How two Rwandan Diaspora women found their niche in exporting Made in Rwanda clothing

Solange Nisingizwe, 31, had finished her degree in International Affairs in Switzerland, where she has been living for 18 years, when she began her career at a corporate company.

Three years down the road, however, she felt something was amiss, and felt the urge to do business of her own, although she did not have an idea of what exactly she wanted to do. Then she came back home for vacation, and her dreams turned to certainty.


“While I was here for vacation, I designed wax clothes for myself. When I returned to Switzerland, I met so many people who admired my outfits and were asking where they could get similar designs. I began making them on a small scale until the number grew.


I got in contact with professional seamstresses and eventually I got more designs and ideas of how to expand this business,” she says.


In November 2016, after a whole year of doing business research and searching for more clients, Sol and Wax Design Ltd was born. The company makes clothes and accessories for export in Europe, and is supplied on the Rwandan market on a small scale.

“In the beginning it was not easy juggling a corporate job while at the same time doing something for yourself, but nothing beats going to bed when you know that you are working on your dream,” she adds.

Later on, her friend, Aliane Rugero, 28, a Rwandan living in France, requested that she introduces her to the business world. Like Nisingizwe, she too was tired and bored of being employed, after having job hopped in five different companies.

“Solange and I shared the same enthusiasm. We both love fashion but mostly I wanted to be self-employed. I worked in five different places and I knew how working for someone is hectic. I wanted to do something for my country and for myself so I can have a home. I fell in love with her style and the more she shared her ideas, the more I embraced them,” Rugero says.

Nisingizwe chips in, “What made us potential partners was our belief that when you are an entrepreneur, you have to work hard on your personal development. It’s not the things that we learn in school that make us the best entrepreneurs but what burns inside of you. I read so many books on entrepreneurship that I shared with her because we badly wanted to be the best at what we do.”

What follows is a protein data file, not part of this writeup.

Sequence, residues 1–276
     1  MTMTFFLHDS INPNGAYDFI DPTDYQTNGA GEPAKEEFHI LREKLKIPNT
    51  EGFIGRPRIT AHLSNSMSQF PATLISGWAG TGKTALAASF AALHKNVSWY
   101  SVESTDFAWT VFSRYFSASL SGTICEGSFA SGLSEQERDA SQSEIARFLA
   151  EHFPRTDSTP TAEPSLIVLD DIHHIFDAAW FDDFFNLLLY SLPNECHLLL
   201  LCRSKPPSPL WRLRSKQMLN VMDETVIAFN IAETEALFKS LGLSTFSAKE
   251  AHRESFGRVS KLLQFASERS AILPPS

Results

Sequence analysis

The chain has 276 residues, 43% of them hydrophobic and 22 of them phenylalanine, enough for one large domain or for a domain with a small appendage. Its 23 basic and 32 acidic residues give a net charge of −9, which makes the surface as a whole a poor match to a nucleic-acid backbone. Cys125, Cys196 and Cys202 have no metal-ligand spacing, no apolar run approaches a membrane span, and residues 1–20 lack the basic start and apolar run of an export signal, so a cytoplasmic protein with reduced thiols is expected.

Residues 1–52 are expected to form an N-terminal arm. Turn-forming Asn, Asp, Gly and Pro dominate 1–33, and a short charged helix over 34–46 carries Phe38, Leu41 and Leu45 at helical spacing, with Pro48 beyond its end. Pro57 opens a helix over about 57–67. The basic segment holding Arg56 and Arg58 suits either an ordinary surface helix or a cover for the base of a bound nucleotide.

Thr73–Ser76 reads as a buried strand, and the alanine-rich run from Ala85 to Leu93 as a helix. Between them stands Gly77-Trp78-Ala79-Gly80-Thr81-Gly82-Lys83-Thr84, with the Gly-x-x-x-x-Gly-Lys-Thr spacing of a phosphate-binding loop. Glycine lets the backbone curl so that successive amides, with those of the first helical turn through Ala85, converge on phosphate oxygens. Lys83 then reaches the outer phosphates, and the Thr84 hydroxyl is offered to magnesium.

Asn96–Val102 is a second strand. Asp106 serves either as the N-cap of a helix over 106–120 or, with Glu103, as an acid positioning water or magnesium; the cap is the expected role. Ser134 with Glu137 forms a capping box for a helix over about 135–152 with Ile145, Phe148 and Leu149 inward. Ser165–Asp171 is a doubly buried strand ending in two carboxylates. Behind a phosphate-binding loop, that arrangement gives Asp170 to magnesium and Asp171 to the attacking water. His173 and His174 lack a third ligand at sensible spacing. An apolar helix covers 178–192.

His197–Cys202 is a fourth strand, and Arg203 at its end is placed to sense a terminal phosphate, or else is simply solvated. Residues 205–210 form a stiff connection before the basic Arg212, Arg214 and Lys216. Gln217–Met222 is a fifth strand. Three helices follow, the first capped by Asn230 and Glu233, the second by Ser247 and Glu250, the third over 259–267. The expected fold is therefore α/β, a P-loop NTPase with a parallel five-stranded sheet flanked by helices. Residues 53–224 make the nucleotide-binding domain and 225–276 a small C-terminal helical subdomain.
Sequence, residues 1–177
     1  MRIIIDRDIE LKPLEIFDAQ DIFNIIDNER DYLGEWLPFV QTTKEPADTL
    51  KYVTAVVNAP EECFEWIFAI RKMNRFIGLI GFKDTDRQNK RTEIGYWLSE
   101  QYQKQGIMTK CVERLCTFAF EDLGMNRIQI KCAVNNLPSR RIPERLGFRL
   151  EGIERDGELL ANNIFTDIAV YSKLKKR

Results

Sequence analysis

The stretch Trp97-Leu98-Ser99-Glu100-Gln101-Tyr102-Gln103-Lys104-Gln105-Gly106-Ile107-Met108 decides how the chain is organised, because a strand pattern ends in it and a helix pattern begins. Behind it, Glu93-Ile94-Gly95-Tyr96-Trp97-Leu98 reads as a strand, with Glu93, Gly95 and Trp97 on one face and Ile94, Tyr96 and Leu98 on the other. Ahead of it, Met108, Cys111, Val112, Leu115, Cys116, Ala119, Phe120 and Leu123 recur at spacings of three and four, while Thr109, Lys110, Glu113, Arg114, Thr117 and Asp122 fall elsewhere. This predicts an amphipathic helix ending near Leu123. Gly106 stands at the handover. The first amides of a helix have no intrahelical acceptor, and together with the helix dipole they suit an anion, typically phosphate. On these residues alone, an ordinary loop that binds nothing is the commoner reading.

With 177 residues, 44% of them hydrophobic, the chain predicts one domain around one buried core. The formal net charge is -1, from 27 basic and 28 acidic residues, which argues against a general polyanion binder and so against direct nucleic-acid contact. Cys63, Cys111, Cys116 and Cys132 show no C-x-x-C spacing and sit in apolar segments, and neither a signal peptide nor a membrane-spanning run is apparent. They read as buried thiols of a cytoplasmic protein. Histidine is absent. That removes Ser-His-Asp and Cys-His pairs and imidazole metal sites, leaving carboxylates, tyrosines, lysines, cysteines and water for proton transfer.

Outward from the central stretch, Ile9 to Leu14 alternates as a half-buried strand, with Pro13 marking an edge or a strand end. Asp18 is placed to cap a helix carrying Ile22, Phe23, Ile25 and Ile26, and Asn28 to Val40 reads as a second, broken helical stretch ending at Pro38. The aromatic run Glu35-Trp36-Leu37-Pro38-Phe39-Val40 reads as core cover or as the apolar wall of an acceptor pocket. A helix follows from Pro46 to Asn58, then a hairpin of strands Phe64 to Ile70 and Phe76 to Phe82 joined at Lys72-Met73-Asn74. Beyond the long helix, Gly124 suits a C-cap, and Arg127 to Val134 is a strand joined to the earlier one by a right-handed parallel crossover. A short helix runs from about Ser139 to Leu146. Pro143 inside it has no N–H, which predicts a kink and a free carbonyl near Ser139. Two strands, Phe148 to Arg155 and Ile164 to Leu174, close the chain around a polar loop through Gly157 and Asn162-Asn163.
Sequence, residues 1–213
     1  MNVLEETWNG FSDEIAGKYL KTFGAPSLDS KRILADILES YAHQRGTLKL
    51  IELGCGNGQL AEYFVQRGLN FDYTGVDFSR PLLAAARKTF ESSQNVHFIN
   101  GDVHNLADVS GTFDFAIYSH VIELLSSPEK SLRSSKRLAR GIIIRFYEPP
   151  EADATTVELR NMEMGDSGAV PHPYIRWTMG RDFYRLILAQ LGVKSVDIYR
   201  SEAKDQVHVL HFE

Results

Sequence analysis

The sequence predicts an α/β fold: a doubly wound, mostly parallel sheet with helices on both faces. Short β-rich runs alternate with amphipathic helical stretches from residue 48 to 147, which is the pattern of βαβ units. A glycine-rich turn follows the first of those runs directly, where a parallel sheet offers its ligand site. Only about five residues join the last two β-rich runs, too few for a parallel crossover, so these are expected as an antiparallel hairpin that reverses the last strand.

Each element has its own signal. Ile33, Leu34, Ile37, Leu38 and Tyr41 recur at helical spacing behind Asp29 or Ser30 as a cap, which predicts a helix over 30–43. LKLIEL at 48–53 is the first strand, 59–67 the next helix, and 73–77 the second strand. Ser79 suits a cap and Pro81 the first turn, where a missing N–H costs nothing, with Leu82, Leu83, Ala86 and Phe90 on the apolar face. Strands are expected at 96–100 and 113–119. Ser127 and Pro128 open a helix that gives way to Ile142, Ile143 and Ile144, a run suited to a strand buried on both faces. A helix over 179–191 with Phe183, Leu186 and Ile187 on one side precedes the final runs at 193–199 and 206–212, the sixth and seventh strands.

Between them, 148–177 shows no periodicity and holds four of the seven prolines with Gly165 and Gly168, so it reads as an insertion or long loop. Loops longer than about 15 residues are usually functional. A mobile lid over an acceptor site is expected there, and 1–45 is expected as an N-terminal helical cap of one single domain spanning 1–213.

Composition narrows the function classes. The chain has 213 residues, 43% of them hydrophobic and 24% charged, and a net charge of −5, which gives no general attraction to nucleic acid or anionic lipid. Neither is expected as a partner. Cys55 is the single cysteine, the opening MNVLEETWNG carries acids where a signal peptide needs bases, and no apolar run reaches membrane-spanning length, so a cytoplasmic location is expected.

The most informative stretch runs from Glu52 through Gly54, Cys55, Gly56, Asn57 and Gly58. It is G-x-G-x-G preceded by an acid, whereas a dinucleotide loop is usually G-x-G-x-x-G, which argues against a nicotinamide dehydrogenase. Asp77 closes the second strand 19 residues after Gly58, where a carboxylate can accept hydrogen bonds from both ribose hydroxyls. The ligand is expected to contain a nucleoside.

For them, partnering in business has been a big advantage because then they get to share the burden, and living in different locations makes it easy to market their products and expand their market.

Nisingizwe, however, explains that although it works to their advantage, running the business in different countries can be hectic, as it requires many travels. Another one of their challenges is finding employees “that are as engaged as we are and not those that come to kill our business.”

Introducing Vuba-Express

As the years go by, their clientele has grown to a larger size. However, their biggest hindrance, they reveal, is that it is becoming too expensive to export their orders to the international market.

“One day,” Rugero narrates, “we were sending suitcases of clothes for shop orders and unilateral orders to Switzerland and Germany which required to be delivered with 48 hours yet shipping them sometimes takes weeks. The process was so complicated and some of our clients that ordered for dresses for their weddings could not get them in time.

We realised that the courier services were compromising our professionalism. How can you want to offer a service and you are not able to deliver?”

Nisingizwe having worked at an express company quickly came up with an idea to form an express company that would be faster and more convenient.

“I have some knowledge from my former employment but I wanted to just do better. I thought to myself, if we can make a clothing company why not do something to ease our transportation? We wanted it to work better and thinking of my friends that are producing goods locally and exporting them, the idea became very interesting. We designed a model of transport logistics which favours our Rwandan market.”

The duo have already registered Vuba-Express, and will begin operations in January next year. The courier service provider is supposed to deliver goods within 48 hours, at a very low cost.

“We both quit our jobs when we got the idea of Vuba-Express so we can get it started. It’s the network system that will help us export our Made in Rwanda designs but also help other producers who want to send their goods abroad,” Rugero says.

Future plans

“We want to be manufacturers. We already have five shops that we are supplying to in Europe so we want to attract as many more clients as we can,” Nisingizwe says.

“For Vuba-Express, we want to be the most reliable express company. People will be able to order online and find their packages at home. We want to use this opportunity of Rwanda becoming a platform for e-commerce on the continent as a chance to go global. 

“We feel we have an opportunity because we are covering a gap somewhere. With this vision we are creating jobs as well, so we can facilitate Made in Rwanda in Europe,” Rugero adds.


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